This is a follow up to my earlier post on consumer privacy and RFID.
Today best practice guidelines for RFID privacy will be released at a Las Vegas trade show. The guidelines were developed by a group of business and consumer advocates. Participants that are expected to endorse the guidelines include P&G, IBM, Microsoft, VISA, and the National Consumers League.
Among other things, the guidelines say that consumers should be
notified when goods have radio tags, which can be invisibly buried in
labels, packaging or the goods themselves. The guidelines also say that
it should be clear to consumers how to disable disposable forms of the
tags and that it should be easy to do so once items with such tags have
been purchased. Businesses are called on to notify consumers about how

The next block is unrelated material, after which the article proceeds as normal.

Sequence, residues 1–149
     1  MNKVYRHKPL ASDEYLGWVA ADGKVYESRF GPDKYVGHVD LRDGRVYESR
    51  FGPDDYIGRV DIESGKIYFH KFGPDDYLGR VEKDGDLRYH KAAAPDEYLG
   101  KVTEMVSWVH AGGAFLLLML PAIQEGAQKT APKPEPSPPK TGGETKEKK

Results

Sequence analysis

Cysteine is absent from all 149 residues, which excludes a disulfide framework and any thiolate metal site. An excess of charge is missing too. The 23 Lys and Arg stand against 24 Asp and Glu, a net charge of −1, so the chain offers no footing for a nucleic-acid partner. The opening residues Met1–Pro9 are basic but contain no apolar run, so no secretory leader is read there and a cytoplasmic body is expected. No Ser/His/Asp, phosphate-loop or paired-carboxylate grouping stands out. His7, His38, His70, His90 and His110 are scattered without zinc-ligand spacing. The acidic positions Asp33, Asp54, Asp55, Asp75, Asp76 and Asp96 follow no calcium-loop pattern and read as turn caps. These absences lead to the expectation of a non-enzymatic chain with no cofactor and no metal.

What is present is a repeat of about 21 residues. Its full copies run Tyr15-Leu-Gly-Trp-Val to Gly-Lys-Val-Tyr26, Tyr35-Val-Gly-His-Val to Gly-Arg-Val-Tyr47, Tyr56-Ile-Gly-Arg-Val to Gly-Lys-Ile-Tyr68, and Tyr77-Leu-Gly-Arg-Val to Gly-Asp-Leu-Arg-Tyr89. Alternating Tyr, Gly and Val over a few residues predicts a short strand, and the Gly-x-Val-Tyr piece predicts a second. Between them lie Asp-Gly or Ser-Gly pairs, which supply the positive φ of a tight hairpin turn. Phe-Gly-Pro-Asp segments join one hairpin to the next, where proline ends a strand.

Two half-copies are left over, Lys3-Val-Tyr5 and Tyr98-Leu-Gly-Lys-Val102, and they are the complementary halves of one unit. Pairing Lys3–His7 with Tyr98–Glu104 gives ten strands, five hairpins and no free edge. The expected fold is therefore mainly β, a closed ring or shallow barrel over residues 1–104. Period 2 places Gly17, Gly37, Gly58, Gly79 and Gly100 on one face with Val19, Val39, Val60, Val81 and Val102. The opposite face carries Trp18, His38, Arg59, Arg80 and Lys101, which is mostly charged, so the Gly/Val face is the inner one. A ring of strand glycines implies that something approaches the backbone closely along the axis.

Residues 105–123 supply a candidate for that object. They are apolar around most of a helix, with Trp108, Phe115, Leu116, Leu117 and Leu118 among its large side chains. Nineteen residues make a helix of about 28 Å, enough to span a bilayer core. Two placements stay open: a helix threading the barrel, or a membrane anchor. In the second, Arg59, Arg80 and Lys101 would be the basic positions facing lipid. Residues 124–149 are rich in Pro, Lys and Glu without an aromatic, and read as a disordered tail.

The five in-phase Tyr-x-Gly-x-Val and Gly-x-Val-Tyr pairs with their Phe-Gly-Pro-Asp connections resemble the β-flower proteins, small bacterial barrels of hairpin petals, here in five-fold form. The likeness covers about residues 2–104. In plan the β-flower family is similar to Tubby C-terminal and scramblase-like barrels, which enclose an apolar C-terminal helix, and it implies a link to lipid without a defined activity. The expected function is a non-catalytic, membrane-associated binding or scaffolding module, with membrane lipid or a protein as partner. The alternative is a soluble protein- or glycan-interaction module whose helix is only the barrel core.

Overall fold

information gathered from the tags will be used.
Only a small fraction of retailers (7% of 89 companies surveyed) and consumer product manufacturers (11% of 120) delayed or scaled back their RFID investments due to privacy concerns (Forrester Research).
The National Retail Federation is not planning to endorse the guidelines which do not address govenment use of RFID and employee privacy for business-to-business transactions.
The New York Times
By BARNABY J. FEDER
Published: May 1, 2006